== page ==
But we are not confined to one direction only, or to one exclusive consummation. Was the building of the cathedrals a working up towards the act of coition? Was the dynamic impulse sexual? No. The sexual element was present, and important. But not predominant. The same in the building of the Panama Canal. The sexual impulse, in its widest form, was a very great impulse towards the building of the Panama Canal. But there was something else, of even higher importance, and greater dynamic power.
And what is this other, greater impulse? It is the desire of the human male to build a world: not "to build a world for you, dear"; but to build up out of his own self and his own belief and his own effort something wonderful. Not merely something useful. Something wonderful. Even the Panama Canal would never have been built simply to let ships through. It is the pure disinterested craving of the human male to make something wonderful, out of his own head and his own self, and his own soul's faith and delight, which starts everything going. This is the prime motivity. And the motivity of sex is subsidiary to this: often directly antagonistic.
That is, the essentially religious or creative motive is the first motive for all human activity. The sexual motive comes second. And there is a great conflict between the interests of the two, at all times.
What we want to do, is to trace the creative or religious motive to its source in the human being, keeping in mind always the near relationship between the religious motive and the sexual. The two great impulses are like man and wife, or father and son. It is no use putting one under the feet of the other.
The great desire to-day is to deny the religious impulse altogether, or else to assert its absolute alienity from the sexual impulse. The orthodox religious world says faugh! to sex. Whereupon we thank Freud for giving them tit for tat. But the orthodox scientific world says fie! to the religious impulse. The scientist wants to discover a cause for everything. And there is no cause for the religious impulse. Freud is with the scientists. Jung dodges from his university gown into a priest's surplice till we don't know where we are. We prefer Freud's Sex to Jung's Libido or Bergson's Elan Vital. Sex has at least some definite reference, though when Freud makes sex accountable for everything he as good as makes it accountable for nothing.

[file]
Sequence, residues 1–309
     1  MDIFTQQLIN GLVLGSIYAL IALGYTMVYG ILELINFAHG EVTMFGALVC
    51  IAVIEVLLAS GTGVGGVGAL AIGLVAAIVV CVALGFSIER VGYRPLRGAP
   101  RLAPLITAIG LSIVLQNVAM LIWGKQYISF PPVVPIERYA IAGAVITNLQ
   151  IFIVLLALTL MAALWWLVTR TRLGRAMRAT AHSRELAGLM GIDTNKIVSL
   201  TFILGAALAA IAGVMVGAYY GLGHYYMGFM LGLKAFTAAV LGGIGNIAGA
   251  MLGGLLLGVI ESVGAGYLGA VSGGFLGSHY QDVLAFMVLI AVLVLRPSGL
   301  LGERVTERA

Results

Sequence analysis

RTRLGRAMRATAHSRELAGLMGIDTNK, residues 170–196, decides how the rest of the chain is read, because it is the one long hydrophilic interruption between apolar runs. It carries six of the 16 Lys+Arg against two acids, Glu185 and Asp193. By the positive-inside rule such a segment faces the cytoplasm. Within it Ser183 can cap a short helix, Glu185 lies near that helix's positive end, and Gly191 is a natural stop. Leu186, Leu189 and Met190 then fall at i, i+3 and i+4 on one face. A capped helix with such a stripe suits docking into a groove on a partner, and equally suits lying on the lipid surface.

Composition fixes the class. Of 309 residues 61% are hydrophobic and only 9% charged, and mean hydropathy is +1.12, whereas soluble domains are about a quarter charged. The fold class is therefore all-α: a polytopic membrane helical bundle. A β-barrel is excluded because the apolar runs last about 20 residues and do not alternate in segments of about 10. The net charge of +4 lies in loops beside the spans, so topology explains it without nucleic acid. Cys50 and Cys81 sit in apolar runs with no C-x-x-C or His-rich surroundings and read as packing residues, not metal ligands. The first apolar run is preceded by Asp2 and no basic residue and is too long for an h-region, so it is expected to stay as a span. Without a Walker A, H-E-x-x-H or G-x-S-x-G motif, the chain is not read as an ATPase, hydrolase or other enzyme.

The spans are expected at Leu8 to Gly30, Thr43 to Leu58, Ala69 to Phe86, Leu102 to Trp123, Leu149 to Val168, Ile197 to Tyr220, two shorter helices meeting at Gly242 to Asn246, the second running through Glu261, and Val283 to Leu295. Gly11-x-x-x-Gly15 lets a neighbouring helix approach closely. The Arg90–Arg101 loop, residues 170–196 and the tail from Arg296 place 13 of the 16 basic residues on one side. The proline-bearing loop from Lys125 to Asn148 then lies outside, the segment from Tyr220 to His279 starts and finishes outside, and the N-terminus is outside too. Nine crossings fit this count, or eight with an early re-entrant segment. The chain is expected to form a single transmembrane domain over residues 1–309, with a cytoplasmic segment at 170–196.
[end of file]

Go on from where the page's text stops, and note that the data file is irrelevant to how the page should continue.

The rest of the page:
We refuse any Cause, whether it be Sex or Libido or Elan Vital or ether or unit of force or perpetuum mobile or anything else. But also we feel that we cannot, like Moses, perish on the top of our present ideal Pisgah, or take the next step into thin air. There we are, at the top of our Pisgah of ideals, crying Excelsior and trying to clamber up into the clouds: that is, if we are idealists with the religious impulse rampant in our breasts. If we are scientists we practice aeroplane flying or eugenics or disarmament or something equally absurd.
The promised land, if it be anywhere, lies away beneath our feet. No more prancing upwards. No more uplift. No more little Excelsiors crying world-brotherhood and international love and Leagues of Nations. Idealism and materialism amount to the same thing on top of Pisgah, and the space is very crowded. We're all cornered on our mountain top, climbing up one another and standing on one another's faces in our scream of Excelsior.
To your tents, O Israel! Brethren, let us go down. We will descend. The way to our precious Canaan lies obviously downhill. An end of uplift. Downhill to the land of milk and honey. The blood will soon be flowing faster than either, but we can't help that. We can't help it if Canaan has blood in its veins, instead of pure milk and honey.
If it is a question of origins, the origin is always the same, whatever we say about it. So is the cause. Let that be a comfort to us. If we want to talk about God, well, we can please ourselves. God has been talked about quite a lot, and He doesn't seem to mind. Why we should take it so personally is a problem. Likewise if we wish to have a tea party with the atom, let us: or with the wriggling little unit of energy, or the ether, or the Libido, or the Elan Vital, or any other Cause. Only don't let us have sex for tea. We've all got too much of it under the table; and really, for my part, I prefer to keep mine there, no matter what the Freudians say about me.